On the legal front, six young American Indians filed a petition in August with the U.S. Patent and Trademark Office seeking cancellation of six trademarks owned by the Washington Redskins that use the word “Redskins” or “Redskinettes.”

Indian Christmas music

Music brightens the holidaysMusic has always made an excellent holiday gift, whether something one personally wrote or performed, tickets to a concert or the perennial--and lasting--compact disc or DVD. Running from $10 to $20, CDs are generally affordable and welcomed by all.

Those looking specifically for holiday music can check out the great new and classic CDs available this year, such as Jana's Christmas songs sung in various Native languages (“American Indian Christmas,” 2005, Standing Stone Records), Redheart's GRAMMY-nominated “Sacred Season” (2002, Red Sea Records), and Red Nativity's “One Holy Night” (1997, Red Sea Records), featuring Brule. Some favorites are the classic compilations featuring Joanne Shenandoah, Mary Youngblood, Robert Mirabal, Lawrence Laughing, Peter Kater and others (“Prayer for Peace,” 2002, Silver Wave Records) and (“Winter Dreams,” 1993, Canyon Records).

Fort Mojave's patriotic band

A Sousa band of IndiansA century ago, dozens of Indian tribes nationwide had bands that played the music of John Philip Sousa and other patriotic anthems. The bands were an outgrowth of government-run boarding schools that sought, brutally at times, to erase Indian cultures, religions and languages in the name of assimilation. Only a few bands survive. The Fort Mojave tribe's is thought to be the oldest.

Through the decades, the band has weathered forces that killed others—poverty, an exodus of young people and opposition from Indians who saw marches as symbols of oppression, music to which their ancestors were slaughtered.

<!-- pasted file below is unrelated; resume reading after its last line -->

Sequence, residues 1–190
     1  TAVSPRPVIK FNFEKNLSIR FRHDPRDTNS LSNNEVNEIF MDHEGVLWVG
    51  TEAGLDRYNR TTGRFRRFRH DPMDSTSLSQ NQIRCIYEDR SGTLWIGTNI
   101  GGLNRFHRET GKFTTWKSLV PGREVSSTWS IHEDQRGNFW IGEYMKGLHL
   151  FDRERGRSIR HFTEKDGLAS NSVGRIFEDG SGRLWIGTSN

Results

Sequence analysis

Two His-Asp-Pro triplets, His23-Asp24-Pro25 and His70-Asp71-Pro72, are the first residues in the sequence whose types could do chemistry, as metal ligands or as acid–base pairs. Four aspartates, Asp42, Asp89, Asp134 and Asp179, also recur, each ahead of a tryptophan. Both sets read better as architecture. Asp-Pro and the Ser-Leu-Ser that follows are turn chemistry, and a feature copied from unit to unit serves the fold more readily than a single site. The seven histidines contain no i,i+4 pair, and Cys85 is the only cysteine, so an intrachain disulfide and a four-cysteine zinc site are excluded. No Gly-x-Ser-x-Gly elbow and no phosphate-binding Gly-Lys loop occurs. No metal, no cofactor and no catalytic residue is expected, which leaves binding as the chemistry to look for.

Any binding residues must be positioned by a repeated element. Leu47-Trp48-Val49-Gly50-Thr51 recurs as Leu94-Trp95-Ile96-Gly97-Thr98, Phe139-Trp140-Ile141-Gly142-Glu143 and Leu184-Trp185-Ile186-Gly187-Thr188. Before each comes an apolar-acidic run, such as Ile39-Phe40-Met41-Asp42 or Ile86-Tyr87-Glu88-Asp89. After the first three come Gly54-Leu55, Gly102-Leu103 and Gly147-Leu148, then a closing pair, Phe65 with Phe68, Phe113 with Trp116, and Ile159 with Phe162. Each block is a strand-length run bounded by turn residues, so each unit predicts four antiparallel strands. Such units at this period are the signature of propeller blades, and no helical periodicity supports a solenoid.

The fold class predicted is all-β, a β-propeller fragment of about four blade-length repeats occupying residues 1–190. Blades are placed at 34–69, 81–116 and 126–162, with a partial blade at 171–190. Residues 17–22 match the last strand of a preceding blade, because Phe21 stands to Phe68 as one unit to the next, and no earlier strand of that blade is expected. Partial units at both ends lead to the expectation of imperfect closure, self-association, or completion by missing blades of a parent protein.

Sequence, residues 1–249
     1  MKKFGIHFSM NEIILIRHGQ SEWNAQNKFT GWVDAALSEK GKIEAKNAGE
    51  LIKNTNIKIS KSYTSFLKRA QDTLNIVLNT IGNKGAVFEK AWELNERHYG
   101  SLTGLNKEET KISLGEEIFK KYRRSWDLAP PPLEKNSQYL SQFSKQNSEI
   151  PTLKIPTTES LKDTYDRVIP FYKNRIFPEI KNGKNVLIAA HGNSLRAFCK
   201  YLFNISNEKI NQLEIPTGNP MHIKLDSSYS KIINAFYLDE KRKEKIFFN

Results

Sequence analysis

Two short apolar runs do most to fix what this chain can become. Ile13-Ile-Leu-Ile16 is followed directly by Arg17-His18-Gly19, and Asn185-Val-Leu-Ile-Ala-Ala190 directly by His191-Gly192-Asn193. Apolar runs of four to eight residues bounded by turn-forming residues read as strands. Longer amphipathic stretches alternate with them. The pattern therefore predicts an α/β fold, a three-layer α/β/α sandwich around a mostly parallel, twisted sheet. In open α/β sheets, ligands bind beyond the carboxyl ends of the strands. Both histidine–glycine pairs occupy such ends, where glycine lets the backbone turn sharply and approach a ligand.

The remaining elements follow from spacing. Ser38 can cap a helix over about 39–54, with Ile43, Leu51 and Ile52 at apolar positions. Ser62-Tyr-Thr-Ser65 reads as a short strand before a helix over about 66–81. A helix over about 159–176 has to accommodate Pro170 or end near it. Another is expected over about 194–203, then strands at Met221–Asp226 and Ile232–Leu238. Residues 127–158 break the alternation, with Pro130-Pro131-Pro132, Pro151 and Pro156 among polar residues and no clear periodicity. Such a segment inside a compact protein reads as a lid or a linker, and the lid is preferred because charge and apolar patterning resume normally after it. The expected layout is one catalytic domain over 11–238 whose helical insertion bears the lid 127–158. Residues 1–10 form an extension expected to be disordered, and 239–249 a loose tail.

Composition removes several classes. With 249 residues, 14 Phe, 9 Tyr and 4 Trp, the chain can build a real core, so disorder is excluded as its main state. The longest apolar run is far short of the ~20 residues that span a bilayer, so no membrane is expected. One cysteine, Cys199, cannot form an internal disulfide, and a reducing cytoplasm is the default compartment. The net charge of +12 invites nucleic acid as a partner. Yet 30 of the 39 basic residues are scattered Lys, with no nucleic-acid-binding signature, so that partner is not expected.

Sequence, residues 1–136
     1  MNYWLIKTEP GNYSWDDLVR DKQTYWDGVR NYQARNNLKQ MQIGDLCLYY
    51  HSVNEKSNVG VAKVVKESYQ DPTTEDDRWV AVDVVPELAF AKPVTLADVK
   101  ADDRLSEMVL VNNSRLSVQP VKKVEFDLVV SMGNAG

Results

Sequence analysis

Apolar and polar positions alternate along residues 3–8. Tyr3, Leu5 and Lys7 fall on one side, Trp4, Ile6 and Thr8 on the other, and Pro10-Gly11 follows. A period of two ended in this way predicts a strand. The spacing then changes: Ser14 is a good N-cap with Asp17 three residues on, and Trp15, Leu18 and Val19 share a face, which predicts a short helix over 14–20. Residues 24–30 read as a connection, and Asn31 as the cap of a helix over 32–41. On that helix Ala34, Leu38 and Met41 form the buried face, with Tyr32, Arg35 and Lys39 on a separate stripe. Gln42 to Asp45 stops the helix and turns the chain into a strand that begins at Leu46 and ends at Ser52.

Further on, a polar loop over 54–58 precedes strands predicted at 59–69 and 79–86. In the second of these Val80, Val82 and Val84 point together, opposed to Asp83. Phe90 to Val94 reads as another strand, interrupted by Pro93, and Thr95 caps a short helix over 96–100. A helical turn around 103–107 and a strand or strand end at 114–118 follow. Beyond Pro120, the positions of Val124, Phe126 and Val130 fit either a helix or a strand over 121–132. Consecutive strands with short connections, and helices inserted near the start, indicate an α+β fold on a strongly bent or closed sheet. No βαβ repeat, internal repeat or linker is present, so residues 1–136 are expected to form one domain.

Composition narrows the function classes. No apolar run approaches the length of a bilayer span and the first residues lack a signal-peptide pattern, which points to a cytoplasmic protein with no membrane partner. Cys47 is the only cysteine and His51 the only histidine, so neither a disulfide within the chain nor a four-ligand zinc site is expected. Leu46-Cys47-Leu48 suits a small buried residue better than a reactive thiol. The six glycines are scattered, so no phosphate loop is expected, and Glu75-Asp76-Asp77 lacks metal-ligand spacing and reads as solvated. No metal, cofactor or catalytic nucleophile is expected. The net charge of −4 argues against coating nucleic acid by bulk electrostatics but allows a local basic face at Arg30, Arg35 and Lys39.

"A lot of tribes dropped their bands because they were symbols of the boarding school experience," said Melissa Nelson, an assistant professor of American Indian Studies at San Francisco State University. "The Mojave made it their own music and it helped them survive.... It's an incredible story."
Comment:  See a video of the Fort Mojave band here.

Natives talk to astronauts

Alaska students tune in for video link up with astronautsSpace shuttle Discovery astronauts took a break from their hectic schedule Thursday to talk to Alaska students during a video conference viewed by participants across the state, including some of the most isolated native communities.

The seven astronauts sat two rows deep, smiling into the camera as welcoming cheers erupted in the Challenger Learning Center in Kenai where local students posed questions to the crew during a live 10-minute interview. Students in several dozen other communities tuned in to watch the exchange on the crew's last full day in space.

December 20, 2006

Aboriginals seek DiCaprio

Native group asks DiCaprio to help block Ontario diamond mineA group representing aboriginal communities in northern Ontario is trying to enlist U.S. film star Leonardo DiCaprio in its fight against diamond mining in the boreal forest.

The Nishnawbe Aski Nation—a political organization that represents about 45,000 Cree and Ojibwa people in 49 communities—has written to DiCaprio, who stars in Blood Diamond, a recently released film about the diamond trade in war-torn Sierra Leone.

Apocalypto is bogus

Mad Max vs. the MayansSure, the movie is imbued with a Sepulvedan racism. It's also stomach-churningly violent even as it lectures us about the perils of moral decay (note to Mel: I hear from morally upright folks all the time that a taste for excessively violent entertainment is a strong indicator of moral decay). And there are plenty of the details of Mayan culture that he gets wrong, too (more on that later).

But Apocalypto is bogus on so many levels, including the simple elements of its plotline, that it's difficult to recommend it even as a piece of fantastic cinema. It's not even a particularly good chase film, which is what Gibson says he set out to make here.

December 19, 2006


Back in July I reported on RAVEN'S CHILDREN, a pair of graphic novels featuring pseudo-Native people in conflict. Now that I've read the series, here's an update.

Apocalypto actors had no conscience?

Doug George-Kanentiio:  'Apocalypto' offensive to Native historyI sometimes wonder if Native actors bother to read the scripts of the movies in which they are asked to perform.

I understand there are limited opportunities for aboriginal professionals in the film industry but there must be some projects which are so offensive to Native history and culture as cause actors of conscience to turn down roles regardless of the money or the director.